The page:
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Trudeau’s climate strategy: Denialism through gradualism

The government’s refusal to confront the country’s biggest polluters is key to the Liberal Party’s ‘new climate denialism’

Canadian PoliticsEnvironment

The Trudeau government’s approach to tackling climate change strikes a regrettable balance that favours symbolism over action, and it’s rife with hypocrisy. Photo by Catherine McKenna/Twitter.

From banks to car companies, ‘greenwashing’—or the practice of conveying misleading information about how a company’s products are environmentally sound—has become a default marketing ploy for any and all businesses wishing to stay relevant in Canada.

Within the next few decades, scientists are predicting that climate change will worsen the frequency and intensity of extreme weather events, most of which have already begun: forest fires, droughts, coastal and inland flooding, and heat waves. By most metrics, the debate on the reality of climate change has ended. Even the companies that have known about the devastating effects of the crisis for nearly half a century are lining up to promote themselves as part of the solution.

By propagandizing both their involvement in climate destruction and manufacturing narratives in which the continuation of energy projects is deemed essential to climate action, these corporations are doing more than just greenwashing. Their outright lies translate to a more insidious form of climate denial.

After all, a corporation’s raison d’être has not changed. According to Joel Bakan, author of The New Corporation, any ‘good’ that a corporation will do is first and foremost for its shareholders, as anything more becomes irreconcilable with its “pathological pursuit of profit and power.”

The politicians who represent these shareholders run a very similar playbook. Seth Klein, public policy researcher and author of A Good War: Mobilizing Canada for the Climate Emergency, perhaps said it best: “the new climate denialism is when our leaders say that they get the climate crisis, but then they don’t practise politics that aligns with what the science says we have to do.”

In recent years, the Conservative Party’s federal election strategy has shown that it has become impossible to win over voters without a climate plan. In the last election, climate action emerged as a top ballot issue. According to Abacus Data, 71 percent of Canadians support a transition off of fossil fuels to combat global warming.

Whether as consumers or voters, Canadians want to see their country do its part in a global energy transition. So far, the Conservative Party’s marketing of their climate plan remains unconvincing to most. Yet, on the other side of the pro-corporation coin, the Liberal Party has been able to balance expectations on climate action—at least enough to win a second term with a minority government.

According to 350 Canada’s Cam Fenton, the party’s success comes from placing itself between two perceived poles: on the one side, the argument that the Conservatives will not act on climate, and on the other, the fabricated argument that the NDP and the Greens want to shut down the fossil fuel industry overnight.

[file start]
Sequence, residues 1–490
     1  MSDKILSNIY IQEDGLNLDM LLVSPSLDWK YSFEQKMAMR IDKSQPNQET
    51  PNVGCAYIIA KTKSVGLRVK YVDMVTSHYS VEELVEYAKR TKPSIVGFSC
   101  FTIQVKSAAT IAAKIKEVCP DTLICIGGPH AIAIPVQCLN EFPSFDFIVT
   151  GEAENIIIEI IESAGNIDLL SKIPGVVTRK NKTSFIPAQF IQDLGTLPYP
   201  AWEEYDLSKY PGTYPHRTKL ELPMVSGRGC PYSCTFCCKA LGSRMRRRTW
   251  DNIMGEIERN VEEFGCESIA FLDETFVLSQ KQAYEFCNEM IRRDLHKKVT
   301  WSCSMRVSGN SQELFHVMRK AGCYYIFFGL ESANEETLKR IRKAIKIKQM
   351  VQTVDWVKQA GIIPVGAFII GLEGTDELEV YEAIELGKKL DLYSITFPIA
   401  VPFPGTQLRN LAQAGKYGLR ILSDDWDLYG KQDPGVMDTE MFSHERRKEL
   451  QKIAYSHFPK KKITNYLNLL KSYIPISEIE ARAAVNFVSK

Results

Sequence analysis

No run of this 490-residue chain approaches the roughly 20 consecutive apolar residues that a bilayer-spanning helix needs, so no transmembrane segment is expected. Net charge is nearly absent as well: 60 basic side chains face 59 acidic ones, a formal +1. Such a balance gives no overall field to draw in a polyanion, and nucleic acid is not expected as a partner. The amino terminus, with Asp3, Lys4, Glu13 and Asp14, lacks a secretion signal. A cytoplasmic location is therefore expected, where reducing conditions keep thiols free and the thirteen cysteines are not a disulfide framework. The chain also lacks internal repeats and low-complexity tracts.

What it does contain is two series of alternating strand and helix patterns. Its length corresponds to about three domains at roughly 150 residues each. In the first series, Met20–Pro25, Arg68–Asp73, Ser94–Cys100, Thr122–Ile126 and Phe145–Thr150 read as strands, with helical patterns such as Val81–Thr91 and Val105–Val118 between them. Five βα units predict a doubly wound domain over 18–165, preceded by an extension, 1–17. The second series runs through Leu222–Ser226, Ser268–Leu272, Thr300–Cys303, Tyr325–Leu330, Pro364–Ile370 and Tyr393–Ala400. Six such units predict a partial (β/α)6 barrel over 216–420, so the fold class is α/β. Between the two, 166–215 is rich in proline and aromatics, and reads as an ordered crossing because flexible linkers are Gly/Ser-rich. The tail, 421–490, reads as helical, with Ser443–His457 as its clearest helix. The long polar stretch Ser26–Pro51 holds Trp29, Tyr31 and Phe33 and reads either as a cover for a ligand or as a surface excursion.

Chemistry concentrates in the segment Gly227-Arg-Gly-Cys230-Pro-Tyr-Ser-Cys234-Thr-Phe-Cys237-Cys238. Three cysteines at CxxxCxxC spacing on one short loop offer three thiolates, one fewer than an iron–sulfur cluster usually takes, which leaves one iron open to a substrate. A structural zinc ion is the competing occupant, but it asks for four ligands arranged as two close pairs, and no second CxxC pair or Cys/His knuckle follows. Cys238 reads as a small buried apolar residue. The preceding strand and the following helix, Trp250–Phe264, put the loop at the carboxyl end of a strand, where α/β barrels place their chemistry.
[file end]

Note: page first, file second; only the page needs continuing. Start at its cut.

“It’s based on a political calculation that Canada is generally a centrist country, and if you can create two polarities and walk in the middle of it, that’s your road to power,” says Fenton. “They [the Liberals] sort of look where the winds are blowing and try to find the middle of those winds […] more recently they sort of found a way to try to articulate a progressive sheen on top of their position.”

This progressive sheen, however, has not curbed the steady climb of Canada’s carbon emissions. Although the Trudeau government can boast about the decarbonization of a number of sectors, an ecocidal elephant in the room—the fossil fuel industry—remains.

Last year, the Liberals released what they claimed to be a bold climate plan that will purportedly exceed the 2030 target set by the Harper government—from 30 percent to a lackadaisical 32 percent in carbon emission reductions. While this is a small improvement, what the Liberals fail to mention is that Harper’s target is weaker than the one to which Canada committed in the 1990s under the Kyoto Protocol.

Based on what scientists are saying today, Canada will need to cut emissions by at least 50-60 percent by 2030 in order to be on the right track.

In a similarly insufficient move, the Liberals promised recently to eliminate all “inefficient tax subsidies” for fossil fuels. Predictably, the Auditor General of Canada considered the term ‘inefficient’ to be too broad, and tasked the Department of Finance to develop guidance that clearly defines the criteria for determining the inefficiency of tax subsidies for fossil fuels.

Such an unclear approach to the issue of fossil fuel subsidies neither matches the scale of the crisis nor meets the timeframe set by climate scientists. Worse still, it could delay curbing the emissions of the fossil fuel sector, affording lobbyists more time to interfere in policy development.

“Anytime you bring climate policy forward in Canada and the fossil fuel industry gets a seat at that table,” explains Fenton, “you might as well tear up that piece of climate policy. They’re able to put loopholes into it that you could drive a bus through.”

Most recently, 47 organizations called on the Trudeau government to not implement a tax credit for carbon capture, citing it as “yet another inefficient fossil-fuel subsidy.” The co-signed letter locates the issue clearly: “Despite a veneer of green, such a tax credit could result in a significant amount of foregone revenue, and enable the production of more carbon than is captured.” The Liberals have made no indication that they will heed this warning.

“The reality,” continues Fenton, “is that what we see with Trudeau is that he’s sort of taken an approach of doing everything but standing up to the fossil fuel industry.”